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Toon navigates through injuries, Madison and big footsteps

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By Jonah Rosenblum

INDIANAPOLIS — WR Nick Toon has never had a 1,000-yard season. No Wisconsin wideout has. Not in the past six seasons anyway. That's simply the way the Badgers play, and Toon said he is fine with that.

"I knew that going into it," Toon said. "One of the reasons that I went to Wisconsin is that they do a good job of developing complete players and that's one of the things that I think I do well, one of the things I pride myself on, as far as my game is concerned. I feel that I'm a complete receiver, a complete player. I can play and do well in all aspects of the game."

Madison, Wis.,  would hardly seem to be the ultimate destination for wideouts with lofty dreams. The Badgers haven't had a receiver eclipse the millennium mark since TE Travis Beckum pulled off the feat in 2005. That's the way it generally works at Wisconsin. Tight ends lead the way, and wide receivers fade into the background. That's the type of power football that has prevailed at the school for what seems like an eternity. And that's what makes Toon's numbers so impressive.

He totaled 805 receiving yards on 54 receptions in his sophomore year, before a right turf toe injury kept him out for a good portion of his junior season.

"I've struggled with injuries a little bit over my last two seasons but it's part of the game," Toon said. "You've got to take it for what it's worth. Learn from it, get healthy, move forward. It's just an obstacle. There will always be obstacles in this game."

Toon was able to move forward in a big way during the 2011 season, starting 13 games and grabbing a career-high 926 receiving yards with 10 touchdown receptions — he had a total of eight TD catches the previous three seasons.

After earning second-team All-Big Ten honors, Toon was fairly simplistic in his analysis of his final campaign for the Badgers.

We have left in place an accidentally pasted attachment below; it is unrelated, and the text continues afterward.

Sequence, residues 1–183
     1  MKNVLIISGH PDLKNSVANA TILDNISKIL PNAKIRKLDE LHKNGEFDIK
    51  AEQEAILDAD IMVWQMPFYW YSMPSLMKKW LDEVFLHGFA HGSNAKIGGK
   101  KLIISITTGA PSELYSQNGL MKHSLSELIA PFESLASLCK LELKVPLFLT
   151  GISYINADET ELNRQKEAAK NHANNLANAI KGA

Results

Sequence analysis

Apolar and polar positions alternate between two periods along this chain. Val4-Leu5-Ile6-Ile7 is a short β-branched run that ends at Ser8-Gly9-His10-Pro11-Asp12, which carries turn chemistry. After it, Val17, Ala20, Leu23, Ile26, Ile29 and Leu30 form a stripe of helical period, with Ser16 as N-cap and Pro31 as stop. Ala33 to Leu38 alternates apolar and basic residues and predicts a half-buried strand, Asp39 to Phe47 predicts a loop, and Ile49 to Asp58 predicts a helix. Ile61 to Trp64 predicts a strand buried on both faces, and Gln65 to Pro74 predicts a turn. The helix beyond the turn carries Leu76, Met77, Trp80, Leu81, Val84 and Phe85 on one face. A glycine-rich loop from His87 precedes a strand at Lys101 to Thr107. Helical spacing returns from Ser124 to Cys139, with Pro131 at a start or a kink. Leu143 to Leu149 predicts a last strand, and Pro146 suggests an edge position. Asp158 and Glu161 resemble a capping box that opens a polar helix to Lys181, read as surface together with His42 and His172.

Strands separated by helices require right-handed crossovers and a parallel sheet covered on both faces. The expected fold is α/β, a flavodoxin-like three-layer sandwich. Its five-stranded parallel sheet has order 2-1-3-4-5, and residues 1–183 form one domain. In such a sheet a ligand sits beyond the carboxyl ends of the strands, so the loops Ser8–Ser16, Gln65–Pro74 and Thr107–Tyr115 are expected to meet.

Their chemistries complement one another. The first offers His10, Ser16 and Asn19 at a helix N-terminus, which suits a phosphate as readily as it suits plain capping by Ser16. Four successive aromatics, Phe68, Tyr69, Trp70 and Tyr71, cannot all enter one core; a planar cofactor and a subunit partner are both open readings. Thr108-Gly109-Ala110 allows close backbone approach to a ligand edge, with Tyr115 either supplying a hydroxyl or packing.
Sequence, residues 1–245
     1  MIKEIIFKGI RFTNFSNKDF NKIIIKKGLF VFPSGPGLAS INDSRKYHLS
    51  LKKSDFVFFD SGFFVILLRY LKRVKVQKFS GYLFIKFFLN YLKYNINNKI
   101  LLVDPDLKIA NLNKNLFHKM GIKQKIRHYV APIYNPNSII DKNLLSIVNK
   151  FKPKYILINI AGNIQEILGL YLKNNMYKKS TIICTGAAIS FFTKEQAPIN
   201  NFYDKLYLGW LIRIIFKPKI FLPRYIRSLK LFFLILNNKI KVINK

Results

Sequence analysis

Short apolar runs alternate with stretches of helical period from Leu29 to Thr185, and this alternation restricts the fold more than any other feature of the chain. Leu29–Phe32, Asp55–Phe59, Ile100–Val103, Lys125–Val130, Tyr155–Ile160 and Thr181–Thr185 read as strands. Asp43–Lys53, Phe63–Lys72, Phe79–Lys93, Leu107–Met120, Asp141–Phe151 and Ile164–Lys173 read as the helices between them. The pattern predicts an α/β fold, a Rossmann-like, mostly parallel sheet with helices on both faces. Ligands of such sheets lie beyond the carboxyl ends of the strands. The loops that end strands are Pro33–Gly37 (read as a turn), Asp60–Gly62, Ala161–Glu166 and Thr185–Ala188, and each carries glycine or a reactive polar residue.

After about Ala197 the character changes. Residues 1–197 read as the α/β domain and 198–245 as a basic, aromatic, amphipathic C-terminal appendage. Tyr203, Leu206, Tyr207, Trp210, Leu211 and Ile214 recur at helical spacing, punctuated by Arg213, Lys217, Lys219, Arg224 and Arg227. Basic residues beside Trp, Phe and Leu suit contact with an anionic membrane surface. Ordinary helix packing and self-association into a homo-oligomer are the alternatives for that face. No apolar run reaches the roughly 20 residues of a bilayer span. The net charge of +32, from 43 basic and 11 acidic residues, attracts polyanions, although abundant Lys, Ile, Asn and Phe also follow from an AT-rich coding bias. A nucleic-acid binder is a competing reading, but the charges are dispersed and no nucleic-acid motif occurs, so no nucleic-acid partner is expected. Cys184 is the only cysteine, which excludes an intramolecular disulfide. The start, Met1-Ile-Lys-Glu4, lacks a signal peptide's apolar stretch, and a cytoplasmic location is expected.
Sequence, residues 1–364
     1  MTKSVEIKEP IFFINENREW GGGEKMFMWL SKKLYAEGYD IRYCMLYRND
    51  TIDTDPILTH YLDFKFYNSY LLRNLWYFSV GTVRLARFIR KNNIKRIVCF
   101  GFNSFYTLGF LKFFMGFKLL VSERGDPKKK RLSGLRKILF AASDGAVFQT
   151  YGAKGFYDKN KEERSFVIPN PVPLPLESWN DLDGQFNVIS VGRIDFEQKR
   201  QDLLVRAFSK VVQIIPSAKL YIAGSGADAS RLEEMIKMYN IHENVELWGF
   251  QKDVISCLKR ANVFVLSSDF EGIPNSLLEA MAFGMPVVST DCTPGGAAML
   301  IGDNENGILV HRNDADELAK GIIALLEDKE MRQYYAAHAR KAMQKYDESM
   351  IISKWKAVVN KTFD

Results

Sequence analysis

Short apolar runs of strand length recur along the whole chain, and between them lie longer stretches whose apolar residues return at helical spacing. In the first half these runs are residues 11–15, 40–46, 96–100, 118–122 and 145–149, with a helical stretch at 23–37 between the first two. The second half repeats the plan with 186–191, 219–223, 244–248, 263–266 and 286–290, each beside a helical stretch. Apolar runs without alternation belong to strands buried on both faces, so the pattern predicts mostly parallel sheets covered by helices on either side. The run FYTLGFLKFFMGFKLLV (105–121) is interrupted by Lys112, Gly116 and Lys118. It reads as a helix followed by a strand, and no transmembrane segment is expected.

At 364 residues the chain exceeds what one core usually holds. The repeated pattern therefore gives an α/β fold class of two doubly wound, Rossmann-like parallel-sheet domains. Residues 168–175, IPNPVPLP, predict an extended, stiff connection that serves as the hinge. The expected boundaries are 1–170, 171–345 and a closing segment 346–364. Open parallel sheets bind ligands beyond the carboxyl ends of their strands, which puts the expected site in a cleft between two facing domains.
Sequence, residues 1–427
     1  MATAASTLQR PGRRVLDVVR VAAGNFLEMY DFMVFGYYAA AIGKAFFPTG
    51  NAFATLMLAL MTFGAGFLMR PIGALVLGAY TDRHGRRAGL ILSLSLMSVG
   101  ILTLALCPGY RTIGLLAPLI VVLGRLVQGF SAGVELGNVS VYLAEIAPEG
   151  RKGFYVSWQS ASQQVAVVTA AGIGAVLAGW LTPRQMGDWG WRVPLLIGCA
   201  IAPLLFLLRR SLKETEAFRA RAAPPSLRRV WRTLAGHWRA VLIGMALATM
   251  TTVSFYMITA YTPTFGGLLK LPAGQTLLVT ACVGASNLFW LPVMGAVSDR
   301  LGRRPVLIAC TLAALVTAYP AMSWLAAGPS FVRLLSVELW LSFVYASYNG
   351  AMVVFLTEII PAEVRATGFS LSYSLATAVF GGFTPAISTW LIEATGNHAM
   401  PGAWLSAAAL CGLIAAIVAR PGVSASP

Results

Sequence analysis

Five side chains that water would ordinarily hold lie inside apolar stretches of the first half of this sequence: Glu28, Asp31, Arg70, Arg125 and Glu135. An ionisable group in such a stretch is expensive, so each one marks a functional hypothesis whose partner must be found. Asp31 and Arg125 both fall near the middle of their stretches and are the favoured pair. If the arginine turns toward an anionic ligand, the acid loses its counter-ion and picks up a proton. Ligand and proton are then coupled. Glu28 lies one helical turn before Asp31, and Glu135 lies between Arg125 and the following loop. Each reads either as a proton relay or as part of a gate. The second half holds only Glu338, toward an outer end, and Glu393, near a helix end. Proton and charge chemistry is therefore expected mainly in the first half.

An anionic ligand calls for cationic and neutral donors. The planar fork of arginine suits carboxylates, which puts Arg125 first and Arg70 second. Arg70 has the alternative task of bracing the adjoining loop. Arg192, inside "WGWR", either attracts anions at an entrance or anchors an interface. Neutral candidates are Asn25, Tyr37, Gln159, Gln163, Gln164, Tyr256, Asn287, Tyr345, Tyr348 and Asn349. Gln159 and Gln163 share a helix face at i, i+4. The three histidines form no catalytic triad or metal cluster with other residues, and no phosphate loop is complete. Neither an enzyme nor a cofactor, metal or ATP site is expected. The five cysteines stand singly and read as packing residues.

"It was a better season than I had last year and that's all you can ask for," Toon said. "Either you're getting better or you're getting worse."

Toon came up clutch when his team needed him the most, notching a career-high nine receptions for 104 yards and a touchdown in the Rose Bowl against Oregon. But Toon said that the sky is the limit, even after his best season.

"My potential is still definitely not reached," said Toon, who measures 6-1½, 213 pounds. "I still have a long way to go, and by no means have I reached my full potential."

He certainly has big footsteps to follow in. His father, Al Toon, was also a wideout at Wisconsin, and although Nick passed his father in collegiate receiving yards last season, he's got a much steeper climb awaiting him when it comes to passing his father as an NFL receiver.

Al Toon hit it big with the New York Jets in the late 1980s, earning three trips to the Pro Bowl. A couple inches taller than his son, Al had 900-plus receiving yards in four of his eight NFL seasons. But Nick would be hard-pressed to remember any of that. He was only 4 years old when his father decided to call it quits. Al's final game remains one of Nick's few lasting memories of his father's NFL days.

"I actually distinctly remember, and this is one of the only memories I have with him, after his last game, I went down on the field and kind of walked around with him and he carried me around the field," Toon said. "I remember hanging out at the facilities, playing around on the practice field and the locker room and stuff but that's about it."

With so few memories from his dad's career, Toon is looking forward to creating his own memories on the fields of the NFL, and while he would play just about anywhere, he hinted at an early preference for Lambeau Field.

"That'd be awesome," Toon said. "I obviously watch the Packers, was a fan of the Packers growing up and I think the Wisconsin fans would love it as well."

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